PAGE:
Canadian police try to make sense of mass slaying after seven adults, two children killed

Investigators in western Canada are seeking to unravel what caused a depressed man to kill eight people – including two children – then commit suicide.

The killings took place between Monday and Tuesday in the city of Edmonton, in Alberta province, leaving residents of the city reeling.

Investigators said the killings were carried out by a man of Vietnamese origin who had been living in Canada for a long time and had a lengthy criminal past.

He went into a home and shot and killed Cindy Duong, 37, on Monday then travelled to a different part of the city and used a handgun to kill seven other people in a different home.

Edmonton police chief Rod Knecht said the attack was planned, deliberate and the worst mass killing in the city’s history.

“In my 39 years of policing, I’ve never seen anything like it,” he said.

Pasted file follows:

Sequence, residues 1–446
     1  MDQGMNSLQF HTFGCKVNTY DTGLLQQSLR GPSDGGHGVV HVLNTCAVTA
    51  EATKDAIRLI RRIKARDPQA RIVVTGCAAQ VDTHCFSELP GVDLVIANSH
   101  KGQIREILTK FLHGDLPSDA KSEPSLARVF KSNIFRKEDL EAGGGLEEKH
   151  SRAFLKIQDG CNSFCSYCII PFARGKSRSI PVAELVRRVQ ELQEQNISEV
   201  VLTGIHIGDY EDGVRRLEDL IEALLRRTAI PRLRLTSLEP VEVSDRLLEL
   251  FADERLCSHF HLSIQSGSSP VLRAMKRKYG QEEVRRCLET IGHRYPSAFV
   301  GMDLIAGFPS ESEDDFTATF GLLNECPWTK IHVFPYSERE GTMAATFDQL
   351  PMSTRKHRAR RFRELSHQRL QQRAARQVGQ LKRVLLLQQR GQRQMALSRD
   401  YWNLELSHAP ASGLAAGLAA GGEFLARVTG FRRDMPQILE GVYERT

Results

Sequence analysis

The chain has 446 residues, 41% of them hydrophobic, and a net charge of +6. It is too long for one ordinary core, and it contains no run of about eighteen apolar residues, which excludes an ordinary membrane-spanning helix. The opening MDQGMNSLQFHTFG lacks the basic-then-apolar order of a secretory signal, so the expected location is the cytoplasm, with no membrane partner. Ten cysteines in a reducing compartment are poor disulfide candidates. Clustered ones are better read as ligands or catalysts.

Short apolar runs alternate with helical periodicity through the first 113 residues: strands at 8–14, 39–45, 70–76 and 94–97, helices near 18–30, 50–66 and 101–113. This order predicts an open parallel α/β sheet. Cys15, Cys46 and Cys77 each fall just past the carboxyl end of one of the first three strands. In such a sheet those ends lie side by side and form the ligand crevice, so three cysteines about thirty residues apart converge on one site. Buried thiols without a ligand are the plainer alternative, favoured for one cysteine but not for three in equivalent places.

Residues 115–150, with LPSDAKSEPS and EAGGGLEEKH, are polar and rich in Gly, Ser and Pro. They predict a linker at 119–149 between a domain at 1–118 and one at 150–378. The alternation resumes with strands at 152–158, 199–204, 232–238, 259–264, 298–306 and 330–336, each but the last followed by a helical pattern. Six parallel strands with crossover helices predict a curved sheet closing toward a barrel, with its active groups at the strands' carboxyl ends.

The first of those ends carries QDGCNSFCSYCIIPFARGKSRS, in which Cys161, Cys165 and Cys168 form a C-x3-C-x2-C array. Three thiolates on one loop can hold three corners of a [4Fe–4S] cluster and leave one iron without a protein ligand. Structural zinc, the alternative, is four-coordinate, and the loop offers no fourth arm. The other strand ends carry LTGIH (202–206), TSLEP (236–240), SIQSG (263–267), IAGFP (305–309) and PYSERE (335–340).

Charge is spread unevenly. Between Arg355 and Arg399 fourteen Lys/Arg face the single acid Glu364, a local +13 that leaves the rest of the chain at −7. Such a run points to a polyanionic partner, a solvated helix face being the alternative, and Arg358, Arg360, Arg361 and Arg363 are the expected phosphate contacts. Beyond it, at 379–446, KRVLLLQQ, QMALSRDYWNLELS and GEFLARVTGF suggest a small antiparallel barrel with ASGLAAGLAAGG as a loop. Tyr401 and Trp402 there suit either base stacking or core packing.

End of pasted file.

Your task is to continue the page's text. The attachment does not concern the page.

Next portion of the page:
“It’s chaotic, horrific,” he added when referring to the crime scene. “This a horrific event for the city.”

According to police, the suspect co-owned the house where the seven people were killed.

The bodies of two children less than 10 years old were found there, along with the corpses of three women and two men aged between 25 and 50.

After the presumed killer carried out the attacks, he drove to a Vietnamese restaurant in Fort Saskatchewan, a north-eastern suburb of Edmonton, and killed himself.

Authorities indicated the suspect had a business interest in the restaurant.

The man was 57, according to local media. Police have not yet released his name.

The tragedy is being classed as domestic violence, though police have not yet disclosed how the victims and the perpetrator were related.

Investigators said the man had a history of police contacts dating back to 1987, including for domestic violence and sexual assault. He was also in deep financial distress.

Authorities plan to only release the identities of the other victims and the killer after autopsy results are available.

The killings were carried out with a handgun stolen in neighbouring British Colombia in 2006, police said.

Mass killings and gun crime are relatively rare in Canada compared to neighbouring United States where gun ownership is much more widespread.